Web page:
WALL STREET EXECUTIVE  SHARES  FOUR  CORNERSTONES FOR NAVIGATING CHANGE WHILE STAYING TRUE TO PERSONAL VALUES AND IDEALS

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Within fiction lies the seeds of powerful transformation and inspiration. Some of the most motivational guidebooks are parables, including Who Moved My Cheese by Spencer Johnson and Oh, The Places You’ll Go by Dr. Seuss. Both have encouraged and uplifted business visionaries, entrepreneurs and graduates for decades. Stepping into this treasured category is The Island of the Four Ps: A Modern Fable About Preparing for Your Future by Ed Hajim.

Hajim believes that you can’t find the roadmap to success on any GPS or search engine. Instead, this engaging fable, lushly illustrated by Gabriela Leal, drops you into the mind of a young man on a quest to find himself and his personal path to success and happiness. As he meets challenges, we gain a deeper understanding of how to navigate change while remaining true to our values and ideals. The beauty of telling this in fable format lies in its accessibility. “I don’t believe there is   only one way to deal with life transitions. And even if you accept my ideas wholly, there is no single right way to put them into action,” writes Hajim. The Island of the Four Ps allows us to find the guidance that is   uniquely right for us.

To create this book, Hajim used his own extraordinary life as a framework. Kidnapped at the age of  three  by his father, driven across the country and told his mother had died, Hajim spent his childhood in and out of foster homes and orphanages. The intelligence, resilience and innate leadership he used to rise from deprivation to the pinnacle of personal and business success provides the insight he shares with readers.

At the heart of the book are the four Ps — which have guided Hajim throughout his life. He offers his hard-won wisdom on each of these cornerstones. The first one is  Passions.  Find your passions; find the things that excite and motivate you. Recognize that passions do change and you must monitor them throughout your lifetime. Secondly  is

Then  we  have  Principles.   Find the rules that you want to follow and the lines you won’t cross. They provide an important structure and bring organization to your life.

The third  one  is  Partners.  No individual can succeed alone. Consider the kind of friends, collaborators, and advisers you’ll need around you, recognizing that those needs will evolve. The final one is Plans.  Find your plans, write down where you want to go and how you plan to get there. Pay attention to your environment, things that will happen during your lifetime  and try to find a wave or a cycle that you can marry with your passions and principles.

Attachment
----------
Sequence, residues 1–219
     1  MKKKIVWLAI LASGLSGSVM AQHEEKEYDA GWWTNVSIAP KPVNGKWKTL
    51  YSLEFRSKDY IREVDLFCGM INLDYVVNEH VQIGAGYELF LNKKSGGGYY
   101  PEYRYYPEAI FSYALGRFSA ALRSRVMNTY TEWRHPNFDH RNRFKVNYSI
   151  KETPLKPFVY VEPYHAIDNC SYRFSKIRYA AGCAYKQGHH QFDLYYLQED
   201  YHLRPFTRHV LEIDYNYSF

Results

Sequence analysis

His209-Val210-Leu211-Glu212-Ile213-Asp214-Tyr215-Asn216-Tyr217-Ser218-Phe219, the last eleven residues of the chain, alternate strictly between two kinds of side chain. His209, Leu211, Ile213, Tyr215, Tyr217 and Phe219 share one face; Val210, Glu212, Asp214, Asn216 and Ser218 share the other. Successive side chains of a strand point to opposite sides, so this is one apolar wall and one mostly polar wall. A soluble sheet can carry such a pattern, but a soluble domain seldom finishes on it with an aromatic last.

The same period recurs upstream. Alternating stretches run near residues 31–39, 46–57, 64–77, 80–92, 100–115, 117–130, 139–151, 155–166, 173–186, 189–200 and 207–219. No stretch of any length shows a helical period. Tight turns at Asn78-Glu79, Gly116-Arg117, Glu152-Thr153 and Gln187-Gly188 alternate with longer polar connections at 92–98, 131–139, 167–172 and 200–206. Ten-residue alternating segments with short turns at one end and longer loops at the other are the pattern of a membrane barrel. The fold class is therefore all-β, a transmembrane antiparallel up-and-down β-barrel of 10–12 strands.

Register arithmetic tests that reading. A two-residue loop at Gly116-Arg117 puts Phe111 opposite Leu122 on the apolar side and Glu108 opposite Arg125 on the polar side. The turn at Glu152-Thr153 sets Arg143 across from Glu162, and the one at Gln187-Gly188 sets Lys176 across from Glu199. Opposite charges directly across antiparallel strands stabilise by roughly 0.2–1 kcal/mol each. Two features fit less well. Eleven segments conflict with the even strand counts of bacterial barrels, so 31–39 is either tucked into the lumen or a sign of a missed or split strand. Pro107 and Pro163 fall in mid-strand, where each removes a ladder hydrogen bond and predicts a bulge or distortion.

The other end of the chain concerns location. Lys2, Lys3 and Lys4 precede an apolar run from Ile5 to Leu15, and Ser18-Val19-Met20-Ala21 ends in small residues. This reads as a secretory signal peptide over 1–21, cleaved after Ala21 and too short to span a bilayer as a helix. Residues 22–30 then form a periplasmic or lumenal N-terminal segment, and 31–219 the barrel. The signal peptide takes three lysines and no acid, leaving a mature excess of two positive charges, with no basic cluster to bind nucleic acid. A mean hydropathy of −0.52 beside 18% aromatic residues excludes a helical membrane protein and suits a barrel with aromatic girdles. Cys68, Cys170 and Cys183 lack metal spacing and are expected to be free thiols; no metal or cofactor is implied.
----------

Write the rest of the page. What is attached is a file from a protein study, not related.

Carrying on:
Ultimately, Hajim’s dream is to help anyone fighting to make their dreams a reality. “I hope The Island of the Four Ps will prompt you to contemplate who you are and what you want in life. Ideally, it will spur you to action — helping you engage fully in life, pursue new experiences, and surf the waves of change,” Hajim says.

About the author

ED Hajim is the author of the critically acclaimed memoir, On The Road Less Travelled. The son of a Syrian immigrant, he is a seasoned Wall Street executive with more than  fifty  years of investment experience. He has held senior management positions with the Capital Group, E.F. Hutton, and Lehman Brothers before becoming chairman and CEO of Furman Selz. Hajim has been the co-chairman of ING Barings, Americas Region; chairman and CEO of ING Aeltus Group and ING Furman Selz Asset Management; and chairman and CEO of MLH Capital.

 He is now   the   chairman of High Vista, a Boston-based money management company. In 2008, after  twenty   years as a trustee of the University of Rochester, Hajim began an eight-year tenure as chairman of the university’s board. Upon assuming that office he gave the school $30 million — the largest single donation in its history — to support scholarships and endow the Edmund A. Hajim School of Engineering and Applied Sciences. Through the Hajim Family Foundation, he has made generous donations to organizations that promote education, health care, arts, culture and conservation. In 2015, he received the Horatio Alger Award, given to Americans who exemplify the values of initiative, leadership and commitment to excellence, and who have succeeded despite personal adversities. Married for 57 years, he and his wife, Barbara, have three children and eight grandchildren.

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